Did you ask a rhetorical question, Euripides?

The argument has just begun, and it isn’t long before things heat up a little. So far, one party to the argument has been keeping pretty quiet. When he does speak, he gives every appearance of doing so (I think) with a lofty hauteur, suggesting he’s waaaaaay above the trivial and silly insults put forward by his interlocutor, who’s been goading away, doing his best to touch on some raw nerves. Now, something of a breakthrough, maybe.

The following exchange takes place (935f):

‘Is it necessary to make mention of a cockerel in tragedy?’

‘Well how about you, enemy of the gods…what did you include [in your tragedies]?’

What struck me about these lines, when I read through them with my class the other day, is the way an initial question is answered with a further question. Is there a literary term for this phenomenon? If there is, I don’t know of it.


Of course, questions are often asked in arguments, and these questions appear in a pretty big argument. They’re posed in the middle of the Frogs, Aristophanes’ 5th century BC comic play, first performed in 405. The interlocutors are two dead playwrights, Aeschylus and Euripides, both legends of the stage. They are having a competition (Gk agon), presided over by the god Dionysus, as to who gets to leave Hades and be taken back up to Athens, where the citizens, we are told, are in dire need of a great tragedian.

In the above dialogue, Euripides poses the initial question, Aeschylus the second. One label that might apply to Euripides’ question, at least, is ‘rhetorical’. Arguably, the question simply answers itself: it should be obvious (both to speaker and interlocutor) that it isn’t necessary to make mention of a cockerel in tragedy.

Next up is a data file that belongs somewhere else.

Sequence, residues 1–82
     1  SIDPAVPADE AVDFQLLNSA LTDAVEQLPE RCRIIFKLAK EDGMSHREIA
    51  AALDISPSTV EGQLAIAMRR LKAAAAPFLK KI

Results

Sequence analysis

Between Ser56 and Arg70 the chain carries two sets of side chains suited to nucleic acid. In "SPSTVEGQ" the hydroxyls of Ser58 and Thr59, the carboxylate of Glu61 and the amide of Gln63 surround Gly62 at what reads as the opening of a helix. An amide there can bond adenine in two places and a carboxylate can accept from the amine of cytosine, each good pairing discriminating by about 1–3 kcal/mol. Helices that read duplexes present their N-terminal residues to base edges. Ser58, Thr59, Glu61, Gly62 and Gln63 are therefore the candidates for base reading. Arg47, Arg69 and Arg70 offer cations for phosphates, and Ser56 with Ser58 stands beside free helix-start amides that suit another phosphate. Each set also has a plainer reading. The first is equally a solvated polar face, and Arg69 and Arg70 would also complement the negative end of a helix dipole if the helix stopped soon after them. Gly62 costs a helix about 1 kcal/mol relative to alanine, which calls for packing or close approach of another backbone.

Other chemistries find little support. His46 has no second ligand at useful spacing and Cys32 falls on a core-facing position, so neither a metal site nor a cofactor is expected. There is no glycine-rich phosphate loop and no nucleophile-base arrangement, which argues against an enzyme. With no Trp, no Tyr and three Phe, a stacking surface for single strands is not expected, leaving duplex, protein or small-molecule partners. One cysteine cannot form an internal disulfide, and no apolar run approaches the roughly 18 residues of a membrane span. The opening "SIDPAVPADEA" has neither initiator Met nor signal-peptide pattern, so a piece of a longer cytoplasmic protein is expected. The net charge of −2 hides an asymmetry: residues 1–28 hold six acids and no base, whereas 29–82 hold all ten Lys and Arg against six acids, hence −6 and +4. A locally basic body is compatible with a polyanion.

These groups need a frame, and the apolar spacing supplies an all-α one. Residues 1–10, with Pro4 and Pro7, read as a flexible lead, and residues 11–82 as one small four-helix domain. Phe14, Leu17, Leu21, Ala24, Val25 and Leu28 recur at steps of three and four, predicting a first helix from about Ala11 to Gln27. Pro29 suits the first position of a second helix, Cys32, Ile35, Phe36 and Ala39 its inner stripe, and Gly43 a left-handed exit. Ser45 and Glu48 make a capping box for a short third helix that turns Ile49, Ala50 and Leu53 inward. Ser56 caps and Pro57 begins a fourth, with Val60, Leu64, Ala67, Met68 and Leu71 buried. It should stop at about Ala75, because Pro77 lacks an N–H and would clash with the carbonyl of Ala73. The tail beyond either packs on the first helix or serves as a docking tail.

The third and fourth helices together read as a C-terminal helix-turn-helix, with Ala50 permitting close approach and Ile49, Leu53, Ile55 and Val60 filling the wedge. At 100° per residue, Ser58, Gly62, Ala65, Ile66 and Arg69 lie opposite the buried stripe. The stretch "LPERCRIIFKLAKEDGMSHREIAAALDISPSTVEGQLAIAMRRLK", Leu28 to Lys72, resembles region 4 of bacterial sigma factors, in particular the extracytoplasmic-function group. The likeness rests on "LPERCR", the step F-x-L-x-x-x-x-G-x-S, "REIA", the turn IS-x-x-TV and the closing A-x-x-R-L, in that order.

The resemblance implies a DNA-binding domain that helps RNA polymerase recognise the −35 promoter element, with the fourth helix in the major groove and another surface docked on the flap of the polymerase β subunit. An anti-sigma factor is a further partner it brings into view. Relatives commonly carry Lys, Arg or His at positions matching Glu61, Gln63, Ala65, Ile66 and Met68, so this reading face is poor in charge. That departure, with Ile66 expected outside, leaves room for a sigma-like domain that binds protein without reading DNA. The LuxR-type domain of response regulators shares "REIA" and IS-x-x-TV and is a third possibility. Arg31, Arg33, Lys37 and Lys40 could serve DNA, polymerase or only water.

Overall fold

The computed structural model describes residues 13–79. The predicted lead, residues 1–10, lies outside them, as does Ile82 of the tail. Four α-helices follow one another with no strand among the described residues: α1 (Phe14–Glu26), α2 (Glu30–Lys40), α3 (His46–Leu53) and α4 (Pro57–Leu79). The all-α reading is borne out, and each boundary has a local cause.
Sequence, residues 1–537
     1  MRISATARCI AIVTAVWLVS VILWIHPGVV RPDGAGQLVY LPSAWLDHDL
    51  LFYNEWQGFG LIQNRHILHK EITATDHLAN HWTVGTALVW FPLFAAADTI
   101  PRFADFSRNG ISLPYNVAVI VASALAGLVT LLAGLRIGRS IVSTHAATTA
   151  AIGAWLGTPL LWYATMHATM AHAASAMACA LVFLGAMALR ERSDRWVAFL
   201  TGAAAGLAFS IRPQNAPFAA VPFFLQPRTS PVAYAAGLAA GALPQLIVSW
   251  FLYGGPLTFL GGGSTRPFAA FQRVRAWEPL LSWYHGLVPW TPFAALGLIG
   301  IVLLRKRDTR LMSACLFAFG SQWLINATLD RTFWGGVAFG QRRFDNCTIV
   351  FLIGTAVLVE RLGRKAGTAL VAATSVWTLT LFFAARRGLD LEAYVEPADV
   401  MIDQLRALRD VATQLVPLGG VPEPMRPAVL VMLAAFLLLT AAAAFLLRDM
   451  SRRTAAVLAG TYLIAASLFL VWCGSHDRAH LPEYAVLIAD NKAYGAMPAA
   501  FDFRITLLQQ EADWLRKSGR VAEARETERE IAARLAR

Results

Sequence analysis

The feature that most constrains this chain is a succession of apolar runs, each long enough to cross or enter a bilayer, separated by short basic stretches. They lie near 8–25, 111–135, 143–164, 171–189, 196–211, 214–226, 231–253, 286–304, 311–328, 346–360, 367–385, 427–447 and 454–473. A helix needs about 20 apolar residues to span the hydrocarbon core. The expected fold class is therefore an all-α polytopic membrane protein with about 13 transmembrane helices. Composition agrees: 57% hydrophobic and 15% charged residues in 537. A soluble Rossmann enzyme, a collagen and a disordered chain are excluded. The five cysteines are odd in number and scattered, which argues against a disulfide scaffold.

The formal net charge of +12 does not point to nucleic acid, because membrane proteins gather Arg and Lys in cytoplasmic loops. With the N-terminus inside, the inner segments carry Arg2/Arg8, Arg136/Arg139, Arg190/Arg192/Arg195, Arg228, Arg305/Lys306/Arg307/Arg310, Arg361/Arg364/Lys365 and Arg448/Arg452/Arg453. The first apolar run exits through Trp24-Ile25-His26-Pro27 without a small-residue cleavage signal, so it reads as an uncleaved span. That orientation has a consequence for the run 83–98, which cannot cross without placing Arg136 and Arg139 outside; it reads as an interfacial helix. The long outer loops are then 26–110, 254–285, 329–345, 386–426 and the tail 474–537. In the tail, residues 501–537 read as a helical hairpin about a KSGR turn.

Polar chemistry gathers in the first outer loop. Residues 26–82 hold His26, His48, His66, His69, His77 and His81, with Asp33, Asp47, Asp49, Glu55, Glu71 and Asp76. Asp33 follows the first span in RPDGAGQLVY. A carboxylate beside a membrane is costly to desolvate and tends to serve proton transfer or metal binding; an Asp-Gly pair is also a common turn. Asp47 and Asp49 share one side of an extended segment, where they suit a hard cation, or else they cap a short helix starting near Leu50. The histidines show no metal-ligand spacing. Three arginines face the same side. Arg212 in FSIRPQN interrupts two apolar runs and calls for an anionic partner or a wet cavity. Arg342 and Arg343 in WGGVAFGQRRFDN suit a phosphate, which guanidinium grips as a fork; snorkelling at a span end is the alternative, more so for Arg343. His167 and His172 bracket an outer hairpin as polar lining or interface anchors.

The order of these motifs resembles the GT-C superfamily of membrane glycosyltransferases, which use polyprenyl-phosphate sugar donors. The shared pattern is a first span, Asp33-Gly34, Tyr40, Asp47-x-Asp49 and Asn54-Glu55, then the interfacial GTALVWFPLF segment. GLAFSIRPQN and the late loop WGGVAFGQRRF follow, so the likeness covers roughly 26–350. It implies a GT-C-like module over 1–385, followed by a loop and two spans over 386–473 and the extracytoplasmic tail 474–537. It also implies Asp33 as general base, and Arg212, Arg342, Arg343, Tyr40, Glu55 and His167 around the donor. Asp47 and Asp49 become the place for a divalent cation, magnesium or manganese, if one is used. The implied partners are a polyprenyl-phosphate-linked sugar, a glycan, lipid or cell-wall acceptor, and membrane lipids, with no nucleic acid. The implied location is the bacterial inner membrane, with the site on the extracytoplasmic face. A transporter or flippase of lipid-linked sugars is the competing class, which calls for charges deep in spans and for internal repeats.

So, if Aeschylus (who did use a cockerel in one of his tragedies, apparently) had given this question a direct answer, he might have looked simple, perhaps, or even a bit foolish. Better to fire back at Euripides with a question of his own, assuming the front foot and going on the offensive.

Admittedly, it’s striking that this isn’t a tactic (answering a question with another question) that’s used elsewhere in the play.

Answering a question with a question, after all, is a good mode of deflection, if nothing else. And Aeschylus, perhaps, has good reason to deflect, at this stage of the agon. He’s been quiet while Euripides has been jabbing away, landing plenty of scoring shots – scoffing at the grandness and verbosity of Aeschylus’ tragic style, accusing him of being complicated where he could be simple, and pretentious where he could be straightforward. Further on, Euripides even suggests, the Aeschylean style is just not democratic.*

Answering a question with a question, in this context, makes sense.


What most interests me about Aeschylus’ response to Euripides, however, is just how true to life it feels, still today. In the heat of an argument, when an opponent makes a powerful point, or simply one that can’t be easily denied, or that it would be odd to contest, how often do arguers still today deploy the technique that Aeschylus deploys here? Answering a question with a question.

I’ve certainly done it. But I can’t say that each time I’ve done so, it’s been because I’ve been asked a rhetorical question…as opposed to one that’s just difficult to try to deal with.

*Euripides is probably assisted in making this point by the fact that the bulk of Aeschylus’ plays were performed before the democratising reforms of Ephialtes at Athens in the mid-fifth century…. and by the fact that all of Aeschylus’ plays were performed, and indeed Aeschylus himself had died, before the slightly later reforms of Pericles. Meanwhile, Euripides wrote most of his plays in the aftermath of both of these sets of reforms.